This is a renewal of ongoing R01 funding to define molecular sites of alcohol action in brain and to link alcohol effects on these receptors with specific behaviors such as consumption, reward/aversion, intoxication and physical dependence. During the current period of funding we were successful in providing molecular and even atomic level of analysis of alcohol sites on pentameric ligand-gated (pLGIC) ion channels, including the first crystallographic structure of alcohols bound within a channel protein. We also succeeded in constructing mutant mice with GABAa receptor subunits which are resistant to alcohol modulation allowing us to link specific GABAa receptors with discrete behavioral actions of alcohol. We are in the middle of the fourth year of this project period and to date have 30 publications with 7 more submitted or in preparation. Although we and others have made considerable progress, the molecular sites of alcohol action in the brain are not completely defined. Emerging evidence from human and rodent genetics, as well as recombinant receptors, indicates that several targets which have received only limited attention may be important sites of alcohol action in brain. We propose to define the role of two groups of ligand-gated ion channels, the glycine-activated chloride channels (GlyR) and GABAaRs formed from ? subunits (? GABAaRs) in actions of alcohol at the molecular, electrophysiological and behavioral levels. A strength of this proposal is the combined use of knock-out (KO) and knock-in (KI) mice allowing us to define the importance of the presence of a subunit (KO) and the importance of direct alcohol action on the protein (KI) for behavioral actions of alcohol. An innovative aspect is use of a new technology (transcription activator- like effector nuclease;TALEN) to be employed by our collaborator, Dr. Gregg Homanics, that markedly reduces the time and cost required for construction of mutant mice. In addition to our behavioral studies, mutant mice will be used by our collaborator, Dr. Neil Harrison for electrophysiological studies of glycinergic function in accumbal regions. Several GlyRs and ? GABAaRs are genetically linked with human alcohol dependence and understanding their role in alcohol actions may provide new targets for pharmacotherapies of alcohol abuse and alcoholism.

Public Health Relevance

Even though alcohol (ethanol) has been consumed for thousands of years, we know remarkably little about the way it produces its effects on the brain. An important advance was the identification of specific proteins (neurotransmitter receptors and ion channels) involved in communication between neurons as a target for ethanol. We will define how ethanol acts on these proteins using novel techniques, ranging from the molecular to the behavioral level, combining mutations in mice with electrophysiological and behavioral studies. The final objective is to define key protein sites that can serve as pharmacological or genetic targets for new therapies to alleviate alcohol addiction.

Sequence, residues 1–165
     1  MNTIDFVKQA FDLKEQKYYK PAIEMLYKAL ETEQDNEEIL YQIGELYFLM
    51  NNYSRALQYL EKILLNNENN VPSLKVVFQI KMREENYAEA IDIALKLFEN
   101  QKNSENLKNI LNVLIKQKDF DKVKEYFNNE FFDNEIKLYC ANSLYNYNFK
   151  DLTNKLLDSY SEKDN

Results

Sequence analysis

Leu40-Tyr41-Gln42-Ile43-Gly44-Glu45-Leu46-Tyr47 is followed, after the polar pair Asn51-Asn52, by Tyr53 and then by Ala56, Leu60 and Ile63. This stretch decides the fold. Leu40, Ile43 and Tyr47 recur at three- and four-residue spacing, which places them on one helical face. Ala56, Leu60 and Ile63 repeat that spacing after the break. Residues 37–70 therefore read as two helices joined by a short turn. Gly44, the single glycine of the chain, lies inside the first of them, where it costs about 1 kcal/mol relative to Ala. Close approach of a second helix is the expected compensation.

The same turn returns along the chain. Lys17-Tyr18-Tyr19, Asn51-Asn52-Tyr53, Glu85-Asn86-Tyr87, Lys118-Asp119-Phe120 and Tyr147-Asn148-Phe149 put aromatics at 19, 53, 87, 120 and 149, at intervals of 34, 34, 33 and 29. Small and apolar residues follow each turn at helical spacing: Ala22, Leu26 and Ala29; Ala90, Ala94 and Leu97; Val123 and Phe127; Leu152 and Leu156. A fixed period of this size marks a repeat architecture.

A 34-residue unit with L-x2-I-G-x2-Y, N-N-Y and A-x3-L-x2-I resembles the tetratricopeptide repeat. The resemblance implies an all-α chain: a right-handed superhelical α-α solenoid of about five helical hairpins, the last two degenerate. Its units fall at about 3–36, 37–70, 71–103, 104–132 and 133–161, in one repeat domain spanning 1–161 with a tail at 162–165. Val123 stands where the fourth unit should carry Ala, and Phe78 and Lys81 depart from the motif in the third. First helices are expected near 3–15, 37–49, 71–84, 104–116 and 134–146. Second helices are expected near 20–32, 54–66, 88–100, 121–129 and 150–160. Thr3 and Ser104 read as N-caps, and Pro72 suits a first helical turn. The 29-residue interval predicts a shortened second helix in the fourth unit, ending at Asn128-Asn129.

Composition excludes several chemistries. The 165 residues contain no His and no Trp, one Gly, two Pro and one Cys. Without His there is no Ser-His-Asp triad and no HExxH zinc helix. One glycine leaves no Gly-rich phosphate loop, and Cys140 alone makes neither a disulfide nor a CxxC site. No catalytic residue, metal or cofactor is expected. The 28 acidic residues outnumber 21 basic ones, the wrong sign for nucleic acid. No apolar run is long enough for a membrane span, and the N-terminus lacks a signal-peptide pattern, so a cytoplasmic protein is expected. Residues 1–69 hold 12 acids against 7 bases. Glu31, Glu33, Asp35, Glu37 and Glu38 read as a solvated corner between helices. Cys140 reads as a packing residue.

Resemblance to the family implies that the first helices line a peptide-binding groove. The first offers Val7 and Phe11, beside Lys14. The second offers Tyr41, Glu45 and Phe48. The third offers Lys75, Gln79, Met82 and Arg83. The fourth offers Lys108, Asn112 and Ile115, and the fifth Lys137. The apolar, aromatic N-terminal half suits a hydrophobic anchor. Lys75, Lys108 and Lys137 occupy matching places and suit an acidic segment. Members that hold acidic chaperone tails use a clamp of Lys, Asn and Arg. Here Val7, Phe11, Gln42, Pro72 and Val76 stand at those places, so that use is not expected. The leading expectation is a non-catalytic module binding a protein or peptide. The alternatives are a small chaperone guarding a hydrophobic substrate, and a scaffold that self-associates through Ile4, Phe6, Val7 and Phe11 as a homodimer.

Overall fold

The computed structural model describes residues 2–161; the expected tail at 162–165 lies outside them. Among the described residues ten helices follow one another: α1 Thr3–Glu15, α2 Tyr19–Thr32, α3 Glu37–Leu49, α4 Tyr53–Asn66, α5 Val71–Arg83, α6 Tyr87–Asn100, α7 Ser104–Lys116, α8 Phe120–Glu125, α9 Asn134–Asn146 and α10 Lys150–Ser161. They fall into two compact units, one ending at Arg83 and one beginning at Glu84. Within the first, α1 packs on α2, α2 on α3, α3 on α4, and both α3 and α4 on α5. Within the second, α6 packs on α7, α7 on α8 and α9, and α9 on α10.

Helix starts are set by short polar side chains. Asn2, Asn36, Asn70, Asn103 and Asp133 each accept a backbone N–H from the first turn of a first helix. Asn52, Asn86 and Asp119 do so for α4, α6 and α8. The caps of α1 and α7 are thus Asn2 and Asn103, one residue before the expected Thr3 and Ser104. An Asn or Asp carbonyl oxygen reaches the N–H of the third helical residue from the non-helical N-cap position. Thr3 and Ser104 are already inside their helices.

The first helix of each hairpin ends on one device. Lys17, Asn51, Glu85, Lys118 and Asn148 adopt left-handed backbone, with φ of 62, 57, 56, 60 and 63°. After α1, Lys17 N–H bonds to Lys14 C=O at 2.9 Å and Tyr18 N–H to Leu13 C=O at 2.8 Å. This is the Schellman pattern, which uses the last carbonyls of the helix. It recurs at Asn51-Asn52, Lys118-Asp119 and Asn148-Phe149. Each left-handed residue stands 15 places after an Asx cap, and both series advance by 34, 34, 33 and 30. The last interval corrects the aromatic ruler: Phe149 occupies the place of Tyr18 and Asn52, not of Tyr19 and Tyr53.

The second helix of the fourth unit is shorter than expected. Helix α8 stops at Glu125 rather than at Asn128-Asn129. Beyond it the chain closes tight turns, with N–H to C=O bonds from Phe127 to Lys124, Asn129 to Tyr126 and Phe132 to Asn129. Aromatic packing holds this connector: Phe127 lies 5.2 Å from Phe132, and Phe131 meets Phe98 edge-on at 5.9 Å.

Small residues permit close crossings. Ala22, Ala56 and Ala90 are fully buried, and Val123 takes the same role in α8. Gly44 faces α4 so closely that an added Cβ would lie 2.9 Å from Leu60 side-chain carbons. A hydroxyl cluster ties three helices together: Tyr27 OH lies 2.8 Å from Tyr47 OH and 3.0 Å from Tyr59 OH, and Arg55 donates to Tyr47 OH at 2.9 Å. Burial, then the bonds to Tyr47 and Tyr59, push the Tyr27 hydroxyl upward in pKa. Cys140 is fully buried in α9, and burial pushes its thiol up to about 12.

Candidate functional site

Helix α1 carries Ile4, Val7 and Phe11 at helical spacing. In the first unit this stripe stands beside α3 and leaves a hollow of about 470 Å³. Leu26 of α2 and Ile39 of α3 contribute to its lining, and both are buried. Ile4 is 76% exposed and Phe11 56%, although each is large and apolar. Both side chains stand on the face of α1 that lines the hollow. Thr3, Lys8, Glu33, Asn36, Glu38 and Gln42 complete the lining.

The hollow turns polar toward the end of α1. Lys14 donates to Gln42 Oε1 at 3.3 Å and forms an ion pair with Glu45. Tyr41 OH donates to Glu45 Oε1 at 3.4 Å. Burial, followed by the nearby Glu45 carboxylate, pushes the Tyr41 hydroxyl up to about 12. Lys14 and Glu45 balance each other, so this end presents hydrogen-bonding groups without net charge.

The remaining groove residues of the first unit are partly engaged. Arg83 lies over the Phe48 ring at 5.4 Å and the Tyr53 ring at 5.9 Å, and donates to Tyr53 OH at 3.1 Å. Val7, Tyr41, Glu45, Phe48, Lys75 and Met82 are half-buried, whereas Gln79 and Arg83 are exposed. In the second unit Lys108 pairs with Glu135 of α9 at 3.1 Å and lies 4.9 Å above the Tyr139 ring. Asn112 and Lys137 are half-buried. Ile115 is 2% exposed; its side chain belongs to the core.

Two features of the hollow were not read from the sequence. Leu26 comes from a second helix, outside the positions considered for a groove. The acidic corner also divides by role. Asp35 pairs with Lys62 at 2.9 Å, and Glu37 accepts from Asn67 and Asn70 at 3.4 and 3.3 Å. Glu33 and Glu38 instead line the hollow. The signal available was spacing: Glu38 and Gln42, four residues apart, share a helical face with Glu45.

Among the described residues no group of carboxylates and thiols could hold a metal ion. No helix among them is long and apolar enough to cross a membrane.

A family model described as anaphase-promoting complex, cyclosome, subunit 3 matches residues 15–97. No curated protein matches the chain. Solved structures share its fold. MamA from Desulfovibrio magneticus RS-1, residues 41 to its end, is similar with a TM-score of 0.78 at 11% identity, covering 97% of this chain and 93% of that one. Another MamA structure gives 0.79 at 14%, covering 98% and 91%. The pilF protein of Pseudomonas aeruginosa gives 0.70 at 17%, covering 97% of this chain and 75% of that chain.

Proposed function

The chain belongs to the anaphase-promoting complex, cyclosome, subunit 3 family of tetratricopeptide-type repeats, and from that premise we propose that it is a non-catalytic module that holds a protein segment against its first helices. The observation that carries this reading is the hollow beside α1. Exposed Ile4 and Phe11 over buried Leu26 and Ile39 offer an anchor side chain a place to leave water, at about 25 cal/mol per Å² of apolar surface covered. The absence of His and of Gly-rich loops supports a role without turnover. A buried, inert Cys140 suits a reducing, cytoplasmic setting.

National Institute of Health (NIH)
National Institute on Alcohol Abuse and Alcoholism (NIAAA)
Research Project (R01)
Project #
Application #
Study Section
Special Emphasis Panel (ZRG1-IFCN-C (02))
Program Officer
Liu, Qi-Ying
Project Start
Project End
Budget Start
Budget End
Support Year
Fiscal Year
Total Cost
Indirect Cost
University of Texas Austin
Schools of Arts and Sciences
United States
Zip Code
Blednov, Yuri A; Black, Mendy; Benavidez, Jillian M et al. (2016) PPAR Agonists: II. Fenofibrate and Tesaglitazar Alter Behaviors Related to Voluntary Alcohol Consumption. Alcohol Clin Exp Res 40:563-71
Blednov, Yuri A; Black, Mendy; Benavidez, Jillian M et al. (2016) PPAR Agonists: I. Role of Receptor Subunits in Alcohol Consumption in Male and Female Mice. Alcohol Clin Exp Res 40:553-62
Mayfield, J; Arends, M A; Harris, R A et al. (2016) Genes and Alcohol Consumption: Studies with Mutant Mice. Int Rev Neurobiol 126:293-355
Borghese, Cecilia M; Ruiz, Carlos I; Lee, Ui S et al. (2016) Identification of an Inhibitory Alcohol Binding Site in GABAA ρ1 Receptors. ACS Chem Neurosci 7:100-8
Blednov, Yuri A; Benavidez, Jillian M; Black, Mendy et al. (2015) Role of interleukin-1 receptor signaling in the behavioral effects of ethanol and benzodiazepines. Neuropharmacology 95:309-20
Bajo, M; Herman, M A; Varodayan, F P et al. (2015) Role of the IL-1 receptor antagonist in ethanol-induced regulation of GABAergic transmission in the central amygdala. Brain Behav Immun 45:189-97
Blednov, Yuri A; Benavidez, Jillian M; Black, Mendy et al. (2015) Glycine receptors containing α2 or α3 subunits regulate specific ethanol-mediated behaviors. J Pharmacol Exp Ther 353:181-91
Mayfield, Jody; Blednov, Yuri A; Harris, R Adron (2015) Behavioral and Genetic Evidence for GIRK Channels in the CNS: Role in Physiology, Pathophysiology, and Drug Addiction. Int Rev Neurobiol 123:279-313
Borghese, Cecilia M (2015) The molecular pharmacology of volatile anesthetics. Int Anesthesiol Clin 53:28-39
Horani, Suzzane; Stater, Evan P; Corringer, Pierre-Jean et al. (2015) Ethanol Modulation is Quantitatively Determined by the Transmembrane Domain of Human α1 Glycine Receptors. Alcohol Clin Exp Res 39:962-8

Showing the most recent 10 out of 229 publications